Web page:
rev. of Fields of Light: A Son Remembers His Heroic Father by Joseph Hurkaby
Fields of Light
A memoir by Joseph Hurka. Pushcart Press, $24.50 cloth. Reviewed by Fred Leebron.
In this debut book of nonfiction, American Joseph Hurka, son of a Czech anti-Communist resistance fighter, offers a generous, kind, and thoughtful memoir about his desire to inhabit his father Josef's past, and thereby give both of them a form of new life. Laced with the history of the Czech Republic -- a mosaic of oppression, resistance, rebellion, and survival --
Fields of Light: A Son Remembers His Heroic Father portrays the literal journey Hurka takes to the Czech Republic to trace his father's footsteps, and the figurative journey that is every traveler's voyage of discovery.
In part, the son knows what he will find: "in that land a mystery was waiting for me that had to do with a heaviness and sorrow and pride I had felt all of my life, and that I was reminded of each time my father was disappointed by another human being, by a lack of honesty or an outright deception, each time he slipped into the strange depressions he is capable of and I tried to cheer him up with my spirit, to convince him that not all of humanity was bad."
Hurka arrives in May 1993, just a few years removed from the Velvet Revolution that saw the ascendancy of the dissident writer Václav Havel to the presidency of the Republic, and the American is greeted by Mira, his father's seventy-one-year-old sister. Through her and the Czechs she introduces him to, he learns more about his father's rebellious past, stories of a boy who runs errands for members of the Nazi resistance and later of a young air force officer who tries to ignore the rising Communist oppression around him, stories in which "there is a clear, steady thread of self-generated trouble running through his early life." These culminate in Josef Hurka's ill-fated trip at the age of twenty-three to see a former girlfriend, which leads to misinformed charges of being both a traitor and spy. The elder Hurka endures six Communist prisons, and when he is released, he turns wholeheartedly to working in the resistance effort.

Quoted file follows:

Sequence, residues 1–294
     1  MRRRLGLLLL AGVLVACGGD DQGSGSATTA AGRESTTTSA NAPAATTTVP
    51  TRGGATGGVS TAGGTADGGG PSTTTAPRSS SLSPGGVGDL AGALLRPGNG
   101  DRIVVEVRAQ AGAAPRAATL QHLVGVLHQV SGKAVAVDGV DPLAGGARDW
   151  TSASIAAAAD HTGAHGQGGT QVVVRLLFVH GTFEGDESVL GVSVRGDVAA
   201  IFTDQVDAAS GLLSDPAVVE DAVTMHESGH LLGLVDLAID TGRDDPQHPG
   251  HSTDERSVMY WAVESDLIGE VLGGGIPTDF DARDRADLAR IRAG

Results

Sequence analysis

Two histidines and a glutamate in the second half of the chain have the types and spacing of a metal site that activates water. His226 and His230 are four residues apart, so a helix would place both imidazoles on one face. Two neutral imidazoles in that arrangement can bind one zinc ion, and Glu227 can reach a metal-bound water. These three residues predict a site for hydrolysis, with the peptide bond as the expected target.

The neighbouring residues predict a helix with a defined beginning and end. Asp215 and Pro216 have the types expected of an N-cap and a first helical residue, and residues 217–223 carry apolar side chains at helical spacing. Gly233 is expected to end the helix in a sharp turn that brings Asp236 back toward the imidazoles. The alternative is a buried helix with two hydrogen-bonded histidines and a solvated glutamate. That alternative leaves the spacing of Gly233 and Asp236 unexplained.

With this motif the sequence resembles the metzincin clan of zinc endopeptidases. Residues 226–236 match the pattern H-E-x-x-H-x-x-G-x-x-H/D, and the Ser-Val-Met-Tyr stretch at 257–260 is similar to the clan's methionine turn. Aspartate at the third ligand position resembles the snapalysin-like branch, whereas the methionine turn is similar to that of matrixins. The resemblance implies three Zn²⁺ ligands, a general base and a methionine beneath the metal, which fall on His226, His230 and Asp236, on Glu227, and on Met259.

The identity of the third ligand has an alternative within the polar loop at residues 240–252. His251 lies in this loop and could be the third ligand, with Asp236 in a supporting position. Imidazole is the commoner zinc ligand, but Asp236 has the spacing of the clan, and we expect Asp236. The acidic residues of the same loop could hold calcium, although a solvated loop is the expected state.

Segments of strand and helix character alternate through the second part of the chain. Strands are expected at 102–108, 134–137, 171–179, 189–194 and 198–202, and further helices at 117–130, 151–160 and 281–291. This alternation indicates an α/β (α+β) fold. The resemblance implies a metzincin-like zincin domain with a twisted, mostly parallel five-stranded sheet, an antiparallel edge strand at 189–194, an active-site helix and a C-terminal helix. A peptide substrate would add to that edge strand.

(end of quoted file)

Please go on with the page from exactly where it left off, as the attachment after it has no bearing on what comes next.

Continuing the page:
Throughout the narrative, the younger Hurka occupies his father's point of view intellectually, emotionally, and sensorially. His evocation is lyric and deft: "The mill was a smudge of white in that early morning hour, and the wooden bridge arched over the icy water. . . . Josef could smell gasoline: there, over the next ridge, on a small road, waited a long black limousine driven by an American operative." At times, Hurka even interjects his own future presence, and the result is both subtly humorous and resonant: "He carried two pills, apparently standard issue: one to keep awake, another cyanide. He disposed of both of them after a while, he joked with me once when I was a teenager, because he'd forgotten which was which."
Seeking and finding remarkable insight, Hurka keeps circling both his father's past and his own reasons for taking this trip, limping along on a recently reset broken leg. "I think about all the times my father stepped through police doors and was nearly extinguished from history, and so too me," the son explains, "and the leaves outside, trembling with wind, seem to hold this fragile secret as well. . . . And I could write about my father, eliminated from the history of his country: maybe the purpose of my journey was to write him back into that history. I decided now I would try."
Fields of Light -- if at times a bit ponderous and too literal -- is both a traveler's poignant story and an intimate memoir about intense personal loss and private pain. It is, as Hurka himself determines, "the story of my family: of peace and war, separation and endurance."
Fred Leebron is author of the novels Out West, Six Figures,
and the forthcoming In the Middle of All This.
He teaches at Gettysburg College and directs the low-residency M.F.A. program at Queens College in Charlotte.